Traveling cranes are heavy equipment that travel overhead on tracks, rollers, and similar devices, allowing people to move large objects around a space. In this crane design, the hoist and attached fixtures are attached to a device that locks onto the roller system to move the crane around a space like a machine shop, aircraft hanger, or similar environment. Traveling cranes can usually take very high weights, as they rely on the structure of the building for support and reinforcement.
To use a traveling crane, the operator moves it across the space to the location where it is needed, lowers the hooks, and attaches them to whatever he wants to move. The operator activates the lift to pull the object into the air and can use the traveling crane to move it into a different location. Some traveling cranes run only back and forth on one track, while others may also be able to move horizontally, providing greater flexibility and more options.
It may be necessary to have a two-person crew for traveling cranes. One person operates the crane, while the other person attaches and detaches hooks, makes sure the working environment is clear, and sends signals to the operator. Both parties have to be aware of other people and objects in the space to avoid collisions. Usually, a traveling crane is hard to stop, making it important to clear the way first, as once the crane is in motion, the operator may not be able to halt a load in time to avoid a collision.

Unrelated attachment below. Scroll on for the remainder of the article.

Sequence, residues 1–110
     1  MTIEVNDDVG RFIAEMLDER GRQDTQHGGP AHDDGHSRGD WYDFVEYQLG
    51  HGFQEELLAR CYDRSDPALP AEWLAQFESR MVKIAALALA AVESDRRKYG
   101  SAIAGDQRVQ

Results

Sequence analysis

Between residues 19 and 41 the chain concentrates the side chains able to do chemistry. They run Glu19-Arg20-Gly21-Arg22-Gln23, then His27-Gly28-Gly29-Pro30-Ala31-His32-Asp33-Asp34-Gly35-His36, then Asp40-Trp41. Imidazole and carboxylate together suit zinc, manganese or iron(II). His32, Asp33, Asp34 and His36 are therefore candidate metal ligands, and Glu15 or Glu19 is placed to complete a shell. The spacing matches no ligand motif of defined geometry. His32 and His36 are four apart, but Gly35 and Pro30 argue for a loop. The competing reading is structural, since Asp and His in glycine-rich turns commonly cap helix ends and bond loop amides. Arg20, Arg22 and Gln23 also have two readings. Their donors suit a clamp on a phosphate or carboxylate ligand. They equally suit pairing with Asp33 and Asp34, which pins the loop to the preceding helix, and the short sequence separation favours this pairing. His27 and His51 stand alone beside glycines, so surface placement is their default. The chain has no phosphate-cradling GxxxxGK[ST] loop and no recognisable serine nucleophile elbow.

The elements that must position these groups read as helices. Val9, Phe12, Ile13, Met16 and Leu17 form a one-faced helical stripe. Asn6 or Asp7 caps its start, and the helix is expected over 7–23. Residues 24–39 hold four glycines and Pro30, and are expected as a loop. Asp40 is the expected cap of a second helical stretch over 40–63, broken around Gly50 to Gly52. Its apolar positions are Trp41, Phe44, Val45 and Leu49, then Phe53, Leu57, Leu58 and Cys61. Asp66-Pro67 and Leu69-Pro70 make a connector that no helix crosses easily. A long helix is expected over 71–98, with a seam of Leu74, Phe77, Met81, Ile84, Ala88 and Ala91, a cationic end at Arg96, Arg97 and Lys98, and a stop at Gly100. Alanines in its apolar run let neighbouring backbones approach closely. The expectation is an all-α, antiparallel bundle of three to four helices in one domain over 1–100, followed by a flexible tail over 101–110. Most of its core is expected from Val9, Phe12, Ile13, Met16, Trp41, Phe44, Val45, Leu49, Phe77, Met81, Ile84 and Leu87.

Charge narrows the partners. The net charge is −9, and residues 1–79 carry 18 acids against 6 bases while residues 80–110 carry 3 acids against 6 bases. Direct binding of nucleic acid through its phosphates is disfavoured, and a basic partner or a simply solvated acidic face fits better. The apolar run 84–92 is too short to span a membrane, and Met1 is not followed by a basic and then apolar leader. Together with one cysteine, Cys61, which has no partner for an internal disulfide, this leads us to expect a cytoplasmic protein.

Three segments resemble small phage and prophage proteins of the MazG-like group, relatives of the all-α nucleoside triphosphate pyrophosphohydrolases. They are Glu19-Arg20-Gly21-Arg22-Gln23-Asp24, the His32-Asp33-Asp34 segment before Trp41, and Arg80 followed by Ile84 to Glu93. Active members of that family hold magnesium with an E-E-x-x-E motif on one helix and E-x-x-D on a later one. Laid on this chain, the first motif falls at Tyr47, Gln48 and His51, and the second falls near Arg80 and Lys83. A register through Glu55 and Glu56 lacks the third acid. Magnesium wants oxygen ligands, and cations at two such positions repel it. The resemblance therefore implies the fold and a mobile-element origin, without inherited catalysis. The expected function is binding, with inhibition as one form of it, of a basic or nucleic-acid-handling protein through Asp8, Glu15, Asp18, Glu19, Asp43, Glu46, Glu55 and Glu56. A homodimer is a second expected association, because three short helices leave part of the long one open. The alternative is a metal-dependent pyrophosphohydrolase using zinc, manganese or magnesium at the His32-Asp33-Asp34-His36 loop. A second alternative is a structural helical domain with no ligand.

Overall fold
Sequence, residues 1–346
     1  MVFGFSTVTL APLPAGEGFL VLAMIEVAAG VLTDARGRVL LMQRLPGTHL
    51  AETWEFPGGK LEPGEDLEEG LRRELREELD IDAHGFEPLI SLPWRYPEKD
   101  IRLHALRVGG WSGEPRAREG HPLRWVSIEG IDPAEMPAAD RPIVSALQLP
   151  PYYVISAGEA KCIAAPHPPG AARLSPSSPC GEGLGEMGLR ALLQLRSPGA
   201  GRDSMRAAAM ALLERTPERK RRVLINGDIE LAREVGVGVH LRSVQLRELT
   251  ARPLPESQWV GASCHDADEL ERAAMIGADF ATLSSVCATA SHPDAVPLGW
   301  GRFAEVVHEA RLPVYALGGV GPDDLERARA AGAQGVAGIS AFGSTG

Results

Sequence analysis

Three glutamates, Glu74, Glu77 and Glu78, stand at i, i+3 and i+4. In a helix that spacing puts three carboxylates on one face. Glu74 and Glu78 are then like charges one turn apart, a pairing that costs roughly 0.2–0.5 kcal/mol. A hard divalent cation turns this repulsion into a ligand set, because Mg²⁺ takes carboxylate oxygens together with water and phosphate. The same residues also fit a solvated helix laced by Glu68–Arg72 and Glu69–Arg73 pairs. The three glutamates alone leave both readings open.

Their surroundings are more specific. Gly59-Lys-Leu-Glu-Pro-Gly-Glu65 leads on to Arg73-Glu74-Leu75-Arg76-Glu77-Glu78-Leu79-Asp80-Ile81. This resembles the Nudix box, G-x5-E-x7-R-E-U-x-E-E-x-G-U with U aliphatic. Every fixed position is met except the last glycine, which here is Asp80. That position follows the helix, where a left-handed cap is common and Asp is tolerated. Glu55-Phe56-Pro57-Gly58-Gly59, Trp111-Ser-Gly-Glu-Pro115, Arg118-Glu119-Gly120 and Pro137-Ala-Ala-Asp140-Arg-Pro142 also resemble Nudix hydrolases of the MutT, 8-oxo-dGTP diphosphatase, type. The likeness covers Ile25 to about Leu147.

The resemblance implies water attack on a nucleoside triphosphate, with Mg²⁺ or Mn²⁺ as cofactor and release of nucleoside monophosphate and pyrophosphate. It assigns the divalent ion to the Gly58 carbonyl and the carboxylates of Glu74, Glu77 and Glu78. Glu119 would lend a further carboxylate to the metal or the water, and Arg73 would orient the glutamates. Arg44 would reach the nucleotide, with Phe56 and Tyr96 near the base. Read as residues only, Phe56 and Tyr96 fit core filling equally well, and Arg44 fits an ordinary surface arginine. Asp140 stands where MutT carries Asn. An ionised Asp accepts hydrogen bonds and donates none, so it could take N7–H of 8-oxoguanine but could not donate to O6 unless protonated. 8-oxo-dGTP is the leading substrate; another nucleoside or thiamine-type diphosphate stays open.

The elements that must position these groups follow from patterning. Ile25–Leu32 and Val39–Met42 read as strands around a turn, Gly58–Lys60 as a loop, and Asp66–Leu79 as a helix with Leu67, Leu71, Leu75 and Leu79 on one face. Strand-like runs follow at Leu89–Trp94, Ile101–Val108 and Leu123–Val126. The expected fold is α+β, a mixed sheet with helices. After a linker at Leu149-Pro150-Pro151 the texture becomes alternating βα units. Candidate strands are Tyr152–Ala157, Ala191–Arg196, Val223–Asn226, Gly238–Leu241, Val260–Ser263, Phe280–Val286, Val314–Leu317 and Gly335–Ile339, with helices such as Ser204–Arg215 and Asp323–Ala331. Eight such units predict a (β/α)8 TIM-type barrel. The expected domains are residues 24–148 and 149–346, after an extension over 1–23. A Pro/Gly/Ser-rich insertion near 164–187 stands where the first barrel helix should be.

These devices can wire into an electrical system, run off a generator, or be operated manually with physical labor from a member of the crane team who will crank the hoist and control the movement of the crane. Like other heavy equipment, traveling cranes require regular inspection and oiling to make sure they are working safely. People take special note of any potential safety hazards like weak metal and worn parts, replacing anything that appears compromised before it will become a problem.
Traveling cranes often make noise when they travel to alert people to the fact that objects are moving overhead. They may also flash, as workplaces are often loud and it can be hard to hear warning indicators, especially for employees who are wearing hearing protection or who are hard of hearing. People working in an environment with a crane rely on the crane operator to keep them safe, but must also exercise some basic precautions to avoid accidents.